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Edme Bouchardon

(1698 Chaumont – 1762 Paris)

after. The Five Senses. Series of five etchings with burin by Anne-Claude-Philippe de Tubières, Comte de Caylus and Étienne Fessard. 40 x 29.6 cm. Inscription in pen and brown ink: “gravée a Leau forte par C et terminé au burin par EA fessard / Cloitre St Germain de Lauxerrois”. Inventaire du Fonds Français (Caylus) 56, IFF (Fessard) 1247.

Edme Bouchardon was not only an exceptionally talented sculptor, who worked with a wide range of materials, and a modeller in wax and clay, but also a draughtsman and medal maker. Moreover, he had an extraordinary capacity to devise ever new and original pictorial ideas. His artistic powers, which were nourished by his great erudition, and the inexhaustible tenacity with which he systematically prepared his artistic projects right down to the very last detail make him a luminary of his time. Bouchardon’s immense originality is readily apparent in the iconography of this series depicting the Five Senses, which are personified by graceful female allegories and ephebes resting on globes. The sensitively proportioned figures with their clas­sical features and lively elegance are the absolute embodiment of Bouchardon’s ideal of sublime beauty. Very striking in visual terms is the personification of Sight in the form of a young man carrying a falcon, his gaze fixed on a majestic sunrise. Bou­char­don’s design drawings have been transferred to the printmaking medium with great sensitivity by Comte de Caylus and Étienne Fessard and were published by the latter. These are trial proofs avant la lettre which are not recorded in the descriptive literature. Bouchardon’s original drawings have not survived. Five contre-épreuves in red chalk are recorded in the estate catalogue of the Mariette Collection of 1775.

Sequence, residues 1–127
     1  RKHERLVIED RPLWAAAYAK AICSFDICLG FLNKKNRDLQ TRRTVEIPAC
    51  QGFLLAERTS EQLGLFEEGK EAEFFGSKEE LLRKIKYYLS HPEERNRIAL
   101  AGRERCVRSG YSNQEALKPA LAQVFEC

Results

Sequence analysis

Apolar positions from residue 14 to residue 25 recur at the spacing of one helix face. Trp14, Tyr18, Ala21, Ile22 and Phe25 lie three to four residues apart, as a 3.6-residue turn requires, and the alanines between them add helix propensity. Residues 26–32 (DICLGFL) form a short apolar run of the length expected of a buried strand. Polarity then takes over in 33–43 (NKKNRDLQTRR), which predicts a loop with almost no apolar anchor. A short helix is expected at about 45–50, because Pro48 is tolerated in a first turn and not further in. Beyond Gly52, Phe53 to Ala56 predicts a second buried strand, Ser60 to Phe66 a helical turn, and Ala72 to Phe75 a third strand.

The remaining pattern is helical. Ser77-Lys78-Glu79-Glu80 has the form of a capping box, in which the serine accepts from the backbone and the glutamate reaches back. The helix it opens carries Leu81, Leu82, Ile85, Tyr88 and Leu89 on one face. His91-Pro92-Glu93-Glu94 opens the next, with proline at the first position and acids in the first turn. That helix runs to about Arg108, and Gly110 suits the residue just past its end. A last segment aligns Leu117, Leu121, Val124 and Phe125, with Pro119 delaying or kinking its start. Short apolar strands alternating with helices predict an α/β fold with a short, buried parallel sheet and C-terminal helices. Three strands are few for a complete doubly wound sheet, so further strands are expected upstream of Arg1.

Very fine, nuanced impressions with margins. Minor ageing, otherwise in excellent condition. The complete series is of greatest rarity.

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